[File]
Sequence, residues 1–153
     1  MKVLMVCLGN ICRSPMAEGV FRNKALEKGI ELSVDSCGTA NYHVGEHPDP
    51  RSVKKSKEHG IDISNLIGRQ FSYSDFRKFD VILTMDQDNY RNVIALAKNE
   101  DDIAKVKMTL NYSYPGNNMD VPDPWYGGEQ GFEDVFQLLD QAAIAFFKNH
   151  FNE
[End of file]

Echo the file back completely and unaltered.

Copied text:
Sequence, residues 1–153
     1  MKVLMVCLGN ICRSPMAEGV FRNKALEKGI ELSVDSCGTA NYHVGEHPDP
    51  RSVKKSKEHG IDISNLIGRQ FSYSDFRKFD VILTMDQDNY RNVIALAKNE
   101  DDIAKVKMTL NYSYPGNNMD VPDPWYGGEQ GFEDVFQLLD QAAIAFFKNH
   151  FNE